A3: The CSIS Global Food Security Program led field research and congressional delegation trips to Tanzania, Bangladesh, Guatemala, Senegal, and Ghana between 2015 and 2018 to look at Feed the Future programs. One of the salient trends observed included the importance and imbalance of strategic collaboration between U.S. federal agencies and initiatives on food and nutrition security.
The truth is that Feed the Future’s whole-of-government approach, which includes 11 different U.S. agencies, has never been perfectly streamlined or synergistic across target countries. To be fair, the complexities of U.S. interagency coordination in countries where we have bilateral agreements rarely match the vision of well-intended policymakers in Washington, D.C. We are a long way from the Marshall Plan of 1948, touted as the benchmark for a whole-of-government approach.
There are certainly examples of success. In Senegal, Feed the Future programming designed by USAID was able to amplify and reinforce infrastructure investments made under an already established Millennium Challenge Corporation (MCC) compact. The Feed the Future strategy was created alongside and just after these major MCC projects, a brilliant strategic overlay that was perfectly, even if not purposefully, timed. This level of coordination, however, is the exception, not the rule, between MCC and Feed the Future programming.
It needs to be understood that of the 11 U.S. agencies engaged in Feed the Future efforts, it is not unusual that only a handful have a presence or programming in each target country. USAID and the Department of State, of course, are omnipresent, but others—from agencies as diverse from the U.S. Department of Agriculture to the U.S. Geological Service—may not be engaged in the target country at all. Even the MCC, whose mission of poverty reduction and country ownership perhaps most aligns with USAID, currently only has compacts in five of Feed the Future’s 12 current target countries. Of the five, only one compact, Niger, is focused predominately on agricultural development.
The bottom line is that synchronizing a combination of U.S. agencies, each with its own culture, mission, programmatic timeline, and budget constraints, is inherently complex and rarely executed in a way that is strategic, leads to accountability, and reinforces results.
Q4: What are some potential changes that the incoming administration should consider?
A4: Interagency coordination is still the right concept, particularly to tackle a development challenge as grand as global hunger. However, with a new Global Food Security Strategy due to Congress this year, now is precisely the time to reassess interagency efforts.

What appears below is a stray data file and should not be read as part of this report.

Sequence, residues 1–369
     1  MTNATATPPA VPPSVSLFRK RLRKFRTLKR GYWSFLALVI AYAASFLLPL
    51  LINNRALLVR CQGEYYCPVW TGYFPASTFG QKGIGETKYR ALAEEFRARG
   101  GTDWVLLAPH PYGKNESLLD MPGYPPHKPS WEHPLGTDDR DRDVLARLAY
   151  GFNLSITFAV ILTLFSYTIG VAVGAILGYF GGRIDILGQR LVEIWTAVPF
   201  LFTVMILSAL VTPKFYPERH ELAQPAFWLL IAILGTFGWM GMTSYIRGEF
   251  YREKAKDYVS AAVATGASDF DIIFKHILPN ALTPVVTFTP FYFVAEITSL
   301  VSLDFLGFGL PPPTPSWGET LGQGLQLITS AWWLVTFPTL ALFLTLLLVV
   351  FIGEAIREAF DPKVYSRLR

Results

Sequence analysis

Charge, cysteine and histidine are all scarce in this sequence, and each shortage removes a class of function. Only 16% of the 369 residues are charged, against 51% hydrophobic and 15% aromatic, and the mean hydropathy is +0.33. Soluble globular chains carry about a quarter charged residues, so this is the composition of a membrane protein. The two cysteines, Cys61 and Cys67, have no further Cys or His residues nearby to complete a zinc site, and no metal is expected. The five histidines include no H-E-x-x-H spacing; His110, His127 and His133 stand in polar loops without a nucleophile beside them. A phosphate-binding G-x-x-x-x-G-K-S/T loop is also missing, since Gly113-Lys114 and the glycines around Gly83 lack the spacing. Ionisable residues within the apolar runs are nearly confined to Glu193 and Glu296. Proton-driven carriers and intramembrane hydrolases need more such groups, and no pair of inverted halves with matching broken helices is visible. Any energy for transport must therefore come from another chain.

First, reconsider the level of effort of the agencies engaged and whether new partners should be included. It seems past time to elevate the role of national security and build a better bridge between defense, diplomacy, and development by including the Department of Defense. There will be the challenges that come with civil-military collaboration, including agency culture and communication, but there are solutions that can outweigh the resistance or risk of a partnership between military and development efforts.
Second, restructure titles at the top, at least in Washington, D.C. Does it still make sense to call the USAID administrator the Feed the Future coordinator, or should that go to the head of USAID’s Bureau of Resilience and Food Security? Drop the dual titles of deputy coordinator for development at USAID and deputy coordinator for diplomacy at the Department of State, as the equality does not remotely match the capacity or scale of effort; at the same time, though, consider a robust revival of the Office of Global Food Security within the Office of the Secretary of State, which has been gutted under the Trump administration but could once again lead department-wide activities on global food security.
Third, be more transparent with budget reporting across agencies and submit a whole-of-government budget to Congress instead of the agency-by-agency budget breakdown that is currently in the Global Food Security Strategy. Congress should be able to understand the full scope of food security programming. Budget support should come with being a partner agency, even if there are wide gaps between smaller and larger agencies. Funding, just as programming, should be not be dominated by the lead agency for efforts to be truly whole-of-government.
Kimberly Flowers is the executive director of the Goldfarb Center for Public Affairs at Colby College. She is also a non-resident senior associate for the Global Food Security Program and Humanitarian Agenda at the Center for Strategic and International Studies in Washington, D.C.